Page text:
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Virtual Battleground Tour of Guilford Courthouse

Read more about the Battle of Guilford Courthouse



Guilford Courthouse: Looking Beyond the Battlefield

I've got war on my mind. Not just any war, but the Revolutionary War, the one that freed our country from Britain and instilled an independent spirit in our people. Nick and I have been touring its major battle sites for the past week, from Guilford Courthouse, North Carolina to Yorktown, Virginia. It hasn't been easy for me. I've always hated studying about war - and today, I realized why. But before I reveal this realization, let's look at the way we usually learn about war.

Take, for example, the battle at Guilford Courthouse - the last major skirmish of the Revolution prior to the British surrender at Yorktown. It was orchestrated by two of the war's greatest masterminds: Britain's Lieutenant General Charles Earl Cornwallis and America's Major General Nathanael Greene. At that point in the game, Cornwallis had already destroyed rebel armies in Georgia and South Carolina. From there, he set his eyes on North Carolina and marched in with an army of 2,200 redcoats. Greene and 4,400 rebels set out to meet them.

Greene had planned on leading the attack at Guilford Courthouse, but Cornwallis beat him to it. He roused his troops from their slumber well before dawn on March 15, 1781, and they marched out to the wooded site, wiping the frost from their eyes. It was bitterly cold, and the ground was still spongy from a long winter of blizzards and storms. As soon as they reached the site, the rebels cocked their muskets and ignited their cannons. A vicious, two-hour combat thus ensued. Since Greene was the first to retreat, Cornwallis was considered the "winner." Approximately 265 of Greene's men were killed or wounded - roughly six percent of his total force. Cornwallis, meanwhile, had about 500 casualties - or twenty-seven percent of his men. The dead were buried, the wounded were healed, and the armies packed up their camps and prepared for the next skirmish. Another day, another battle.

Now, if you're like me, your eyes probably glazed over when you read the above passage. It is difficult to feel for the soldiers who gave their lives at Guilford Courthouse when we only hear the bottom line. A death count is just another statistic - and statistics make me numb.

And so, as Nick and I hiked through the woods of Guilford Courthouse, I tried to imagine what it would have been like to be a soldier in the American Revolution. Would I have had the guts to run straight into enemy fire with only a temperamental musket and a rusty bayonet at my disposal? Knowing that if I were injured, a doctor would pack my wounds with salt and sew me back together with horsehair? Knowing that if I were killed, my wife and children would be impoverished? Knowing that if I ran away in fright, my commanding officer would find me and hang me?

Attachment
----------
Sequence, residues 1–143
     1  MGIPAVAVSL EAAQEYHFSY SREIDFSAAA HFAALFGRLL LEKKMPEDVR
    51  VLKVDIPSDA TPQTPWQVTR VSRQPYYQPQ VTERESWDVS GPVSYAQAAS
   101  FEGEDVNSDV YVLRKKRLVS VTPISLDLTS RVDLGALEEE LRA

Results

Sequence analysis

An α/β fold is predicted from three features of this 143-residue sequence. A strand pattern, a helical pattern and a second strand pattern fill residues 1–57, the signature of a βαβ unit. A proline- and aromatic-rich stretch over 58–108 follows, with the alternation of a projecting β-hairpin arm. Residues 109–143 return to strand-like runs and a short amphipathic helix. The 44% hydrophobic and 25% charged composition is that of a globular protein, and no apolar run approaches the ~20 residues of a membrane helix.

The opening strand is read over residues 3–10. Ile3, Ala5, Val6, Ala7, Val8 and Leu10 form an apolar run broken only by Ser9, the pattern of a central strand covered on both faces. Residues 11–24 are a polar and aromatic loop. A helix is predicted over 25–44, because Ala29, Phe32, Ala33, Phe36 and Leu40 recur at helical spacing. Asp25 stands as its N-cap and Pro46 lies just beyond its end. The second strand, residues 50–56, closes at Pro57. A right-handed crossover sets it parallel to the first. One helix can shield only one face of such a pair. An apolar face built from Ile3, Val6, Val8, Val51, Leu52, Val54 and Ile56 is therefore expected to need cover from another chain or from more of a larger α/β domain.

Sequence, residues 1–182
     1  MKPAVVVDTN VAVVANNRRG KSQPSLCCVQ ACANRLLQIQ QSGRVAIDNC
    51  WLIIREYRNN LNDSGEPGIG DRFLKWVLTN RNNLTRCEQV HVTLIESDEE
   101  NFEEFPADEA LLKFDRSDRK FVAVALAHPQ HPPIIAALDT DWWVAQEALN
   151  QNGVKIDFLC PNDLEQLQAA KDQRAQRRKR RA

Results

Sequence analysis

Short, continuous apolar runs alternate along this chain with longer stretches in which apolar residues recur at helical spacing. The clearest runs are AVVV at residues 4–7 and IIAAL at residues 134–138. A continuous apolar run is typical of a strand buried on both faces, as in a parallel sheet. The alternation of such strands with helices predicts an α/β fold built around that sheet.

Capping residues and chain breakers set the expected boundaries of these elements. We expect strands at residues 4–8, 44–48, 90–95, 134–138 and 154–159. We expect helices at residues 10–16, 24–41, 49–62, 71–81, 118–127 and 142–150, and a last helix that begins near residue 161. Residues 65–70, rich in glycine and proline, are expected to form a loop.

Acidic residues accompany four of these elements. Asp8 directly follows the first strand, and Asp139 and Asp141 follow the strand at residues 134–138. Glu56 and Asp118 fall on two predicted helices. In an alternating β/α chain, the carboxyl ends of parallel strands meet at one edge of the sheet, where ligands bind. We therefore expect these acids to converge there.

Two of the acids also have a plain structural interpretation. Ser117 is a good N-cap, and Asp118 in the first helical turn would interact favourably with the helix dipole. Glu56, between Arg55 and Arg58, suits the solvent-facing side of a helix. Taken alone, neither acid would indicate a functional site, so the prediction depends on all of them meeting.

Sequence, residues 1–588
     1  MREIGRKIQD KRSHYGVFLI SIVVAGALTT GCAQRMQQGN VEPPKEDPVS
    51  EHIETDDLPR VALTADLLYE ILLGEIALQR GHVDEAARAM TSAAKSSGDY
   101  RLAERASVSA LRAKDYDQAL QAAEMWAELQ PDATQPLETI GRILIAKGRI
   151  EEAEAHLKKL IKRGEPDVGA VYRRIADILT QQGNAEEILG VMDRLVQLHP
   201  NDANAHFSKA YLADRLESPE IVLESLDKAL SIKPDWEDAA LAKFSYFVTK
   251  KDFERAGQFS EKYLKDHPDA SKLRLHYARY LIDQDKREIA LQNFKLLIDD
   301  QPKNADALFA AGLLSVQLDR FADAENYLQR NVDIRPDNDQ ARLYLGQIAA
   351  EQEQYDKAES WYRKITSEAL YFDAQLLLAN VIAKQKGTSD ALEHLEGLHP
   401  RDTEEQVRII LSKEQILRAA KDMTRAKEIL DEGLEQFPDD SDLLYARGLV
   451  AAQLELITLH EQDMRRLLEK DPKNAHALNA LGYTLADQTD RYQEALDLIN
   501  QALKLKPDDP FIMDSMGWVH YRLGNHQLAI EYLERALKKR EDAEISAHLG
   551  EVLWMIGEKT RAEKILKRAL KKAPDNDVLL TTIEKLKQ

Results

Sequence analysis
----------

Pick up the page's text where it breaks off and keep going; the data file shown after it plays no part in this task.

Yikes. It is a dismal scenario, isn't it? But it happened - to thousands and thousands of people.

This chilling realization made me curious about other aspects of the Revolution - not about military tactics and battle plans, but about the daily lives of these soldiers. What did they do off the battlefield? They weren't in combat twenty-four hours a day, after all. What did they eat? When did they sleep? Where did they go to the bathroom? Who were these soldiers who fought for our nation's independence?

Well, if you were a male between the ages of sixteen and sixty, it could have been you! The wealthy sometimes sent slaves in their place, but for the most part - there was no escaping the draft. Under most circumstances, soldiers were issued a uniform soon after they enlisted. This included a pair of wool or linen coveralls, breeches that extended to the knee, long stockings, a garter belt, a white vest and a cocked hat. The color of their regimental coat represented their colony. Soldiers from the Mid-Atlantic States, for example, wore red, while Northeasterners wore white.

Then soldiers received military training. Back then, the musket was the most widely used weapon, since it was cheap to produce and easy to load. It was also horribly inaccurate, so officers trained their soldiers to line up elbow-to-elbow and load and fire in unison. They were also taught how to use a cannon. Under ideal conditions, a crew of thirteen could fire four to five rounds per minute. Finally, newcomers were trained in hand-to-hand combat. Each soldier was issued a bayonet, but they needed to be skilled with their fists as well. When cartridges and cannons ran out, these wars often turned to regular street fights.